Cracks appear opaque/highly translucent due to a combination of the irregular reflection, total internal reflection and absorption of light inside the glass.
If you’ve ever broken your glasses, you’ve surely noticed that the cracked edge of the glass appears dark grey and opaque. In fact, if you wear open frame glasses, then you’ve also surely seen that the bottom edge of the glass is green-greyish in color and also opaque, even without any cracks.
This also happens with glass rulers, windows, and smartphone screens. Not only glass, but hard transparent plastics (like the screen guard of smartphones) also display the same phenomena.
But why does this happen? Shouldn’t glass be transparent from every direction?
The answer lies in the question itself, i.e., the “direction”. However, before jumping right into it, we must first understand some basics about the behavior of light in general.
Basics of Geometrical Optics
1) Reflection of Light
When light strikes a shiny surface, it bounces off in the same direction from which is came. This is known as reflection. It can be defined more precisely using simple geometry.
Imagine that a ray of light strikes a plane surface. At the point of contact between the surface and the light ray, draw a line perpendicular to the plane. This line is called the normal. When a ray of light strikes the plane surface, it makes some angle with the normal. This is called the angle of incidence. When the light bounces off the surface, the reflected ray also makes some angle with the normal. That angle is called the angle of reflection.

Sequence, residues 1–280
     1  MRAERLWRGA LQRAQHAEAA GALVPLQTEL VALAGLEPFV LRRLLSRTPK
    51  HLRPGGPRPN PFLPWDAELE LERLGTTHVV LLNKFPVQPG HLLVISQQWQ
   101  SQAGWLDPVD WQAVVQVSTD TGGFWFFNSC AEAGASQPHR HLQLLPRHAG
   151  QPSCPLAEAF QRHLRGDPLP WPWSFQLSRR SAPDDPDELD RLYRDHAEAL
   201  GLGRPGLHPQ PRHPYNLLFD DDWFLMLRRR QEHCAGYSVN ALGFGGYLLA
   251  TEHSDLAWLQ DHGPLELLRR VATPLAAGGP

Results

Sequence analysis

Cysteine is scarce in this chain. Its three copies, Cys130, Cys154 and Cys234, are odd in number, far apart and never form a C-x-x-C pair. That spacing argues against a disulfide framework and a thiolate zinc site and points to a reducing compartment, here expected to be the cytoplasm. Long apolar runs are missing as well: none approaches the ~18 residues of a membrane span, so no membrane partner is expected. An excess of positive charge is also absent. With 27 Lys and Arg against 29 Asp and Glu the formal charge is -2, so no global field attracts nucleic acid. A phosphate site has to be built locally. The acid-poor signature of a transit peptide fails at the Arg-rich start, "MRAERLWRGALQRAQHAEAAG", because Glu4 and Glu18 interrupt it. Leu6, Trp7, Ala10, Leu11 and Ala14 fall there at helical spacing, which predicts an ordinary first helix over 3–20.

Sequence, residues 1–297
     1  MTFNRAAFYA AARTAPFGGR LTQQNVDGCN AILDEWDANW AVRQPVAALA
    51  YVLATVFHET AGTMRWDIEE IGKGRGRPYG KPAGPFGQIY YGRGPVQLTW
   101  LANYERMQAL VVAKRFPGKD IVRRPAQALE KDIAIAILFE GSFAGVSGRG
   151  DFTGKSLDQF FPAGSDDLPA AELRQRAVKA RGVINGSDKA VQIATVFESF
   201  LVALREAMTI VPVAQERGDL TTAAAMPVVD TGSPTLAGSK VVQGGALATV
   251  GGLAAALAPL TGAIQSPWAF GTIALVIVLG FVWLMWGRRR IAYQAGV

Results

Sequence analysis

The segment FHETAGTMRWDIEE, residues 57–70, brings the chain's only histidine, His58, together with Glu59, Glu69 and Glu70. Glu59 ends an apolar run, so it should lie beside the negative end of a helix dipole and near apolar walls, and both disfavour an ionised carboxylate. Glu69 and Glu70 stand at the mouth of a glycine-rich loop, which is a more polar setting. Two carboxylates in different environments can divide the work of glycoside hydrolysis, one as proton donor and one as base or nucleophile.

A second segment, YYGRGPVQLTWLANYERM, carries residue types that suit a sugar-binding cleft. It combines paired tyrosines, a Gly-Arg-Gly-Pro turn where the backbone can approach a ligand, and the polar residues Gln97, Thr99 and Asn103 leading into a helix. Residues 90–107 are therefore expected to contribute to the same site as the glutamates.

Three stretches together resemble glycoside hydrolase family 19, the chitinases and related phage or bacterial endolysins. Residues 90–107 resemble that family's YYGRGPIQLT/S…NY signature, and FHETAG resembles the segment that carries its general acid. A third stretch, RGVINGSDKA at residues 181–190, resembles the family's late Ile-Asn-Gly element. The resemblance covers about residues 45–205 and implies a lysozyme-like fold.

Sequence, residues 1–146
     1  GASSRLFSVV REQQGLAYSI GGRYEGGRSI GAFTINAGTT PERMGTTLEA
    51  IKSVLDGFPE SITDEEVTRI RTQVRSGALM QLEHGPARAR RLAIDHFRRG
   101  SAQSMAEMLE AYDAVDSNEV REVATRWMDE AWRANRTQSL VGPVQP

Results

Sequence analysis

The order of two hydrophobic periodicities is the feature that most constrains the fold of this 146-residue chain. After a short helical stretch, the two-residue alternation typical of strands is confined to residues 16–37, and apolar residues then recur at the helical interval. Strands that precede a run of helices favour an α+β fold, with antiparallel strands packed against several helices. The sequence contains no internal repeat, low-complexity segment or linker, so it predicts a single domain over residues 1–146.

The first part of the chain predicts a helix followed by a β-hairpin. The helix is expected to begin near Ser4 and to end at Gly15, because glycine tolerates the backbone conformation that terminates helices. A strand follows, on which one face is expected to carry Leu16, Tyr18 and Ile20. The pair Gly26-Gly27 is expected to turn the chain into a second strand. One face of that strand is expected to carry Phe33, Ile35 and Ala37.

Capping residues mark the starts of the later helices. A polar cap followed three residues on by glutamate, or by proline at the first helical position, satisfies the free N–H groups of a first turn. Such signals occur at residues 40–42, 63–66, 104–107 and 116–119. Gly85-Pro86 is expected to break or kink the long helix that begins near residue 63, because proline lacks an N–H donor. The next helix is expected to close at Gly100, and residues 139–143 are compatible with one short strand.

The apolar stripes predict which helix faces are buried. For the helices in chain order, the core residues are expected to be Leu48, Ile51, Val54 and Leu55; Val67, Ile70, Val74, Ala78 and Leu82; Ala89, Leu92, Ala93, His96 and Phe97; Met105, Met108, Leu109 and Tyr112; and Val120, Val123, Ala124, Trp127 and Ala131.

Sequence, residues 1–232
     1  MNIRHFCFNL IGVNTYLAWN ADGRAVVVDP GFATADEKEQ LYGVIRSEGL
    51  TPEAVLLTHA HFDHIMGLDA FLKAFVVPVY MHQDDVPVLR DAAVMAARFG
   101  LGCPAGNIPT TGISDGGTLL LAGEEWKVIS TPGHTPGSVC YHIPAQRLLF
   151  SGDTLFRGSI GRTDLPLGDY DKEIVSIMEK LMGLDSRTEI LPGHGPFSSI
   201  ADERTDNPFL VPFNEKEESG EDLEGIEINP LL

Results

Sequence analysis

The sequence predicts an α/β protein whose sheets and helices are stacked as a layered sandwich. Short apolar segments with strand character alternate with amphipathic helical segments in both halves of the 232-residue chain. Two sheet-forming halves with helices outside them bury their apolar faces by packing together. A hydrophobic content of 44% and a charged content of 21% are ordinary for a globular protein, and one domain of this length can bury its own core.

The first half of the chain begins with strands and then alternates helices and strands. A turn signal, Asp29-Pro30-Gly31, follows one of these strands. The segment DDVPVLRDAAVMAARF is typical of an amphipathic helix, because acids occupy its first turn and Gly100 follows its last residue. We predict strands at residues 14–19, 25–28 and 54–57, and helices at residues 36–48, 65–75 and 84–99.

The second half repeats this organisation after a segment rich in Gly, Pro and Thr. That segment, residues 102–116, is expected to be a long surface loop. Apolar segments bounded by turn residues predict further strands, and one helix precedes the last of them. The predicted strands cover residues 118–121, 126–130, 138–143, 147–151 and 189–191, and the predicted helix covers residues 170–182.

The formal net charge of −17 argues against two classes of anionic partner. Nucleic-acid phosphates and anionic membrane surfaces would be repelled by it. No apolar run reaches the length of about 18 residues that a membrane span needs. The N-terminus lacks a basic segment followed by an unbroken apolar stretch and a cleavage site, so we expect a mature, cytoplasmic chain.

For reflection, the angle of incidence and the angle of reflection are always equal.
2) Refraction of Light
When light strikes a transparent object, like glass, it moves through that object and comes out on the other side. However, the images seem to be broken at the boundary of glass and the surrounding medium.
This is called refraction, which can also be described more precisely using simple geometry.
Assume that a ray of light propagates through air and strikes a thick glass slab. At the point of contact between the slab and the light ray, draw a line perpendicular to the glass slab. This is called the normal. When the light ray strikes the glass slab, it makes an angle with the normal. This is called the angle of incidence.
After striking the slab, the ray enters the slab and moves through it. This light ray inside the the slab is called the refracted ray. The angle between the refracted ray and the normal is called the angle of refraction.
During refraction, the angle of incidence and the angle of refraction are never equal.
Every medium has a property called optical density. Optical density gives some idea about the speed of light in that material. The ratio of the speed of light in a material to the speed of light in vacuum is called the refractive index. The greater the refractive index, the slower the speed of light, and thus the greater the optical density.
, where v = speed of light in the medium
c = speed of light in vacuum
n = refractive index of the medium
If the speed of light in a medium is slower than the speed of light in vacuum, then that medium is said to be optically denser than air.
If light travels in two media with different refractive indices, then Snell’s law provides a useful relationship.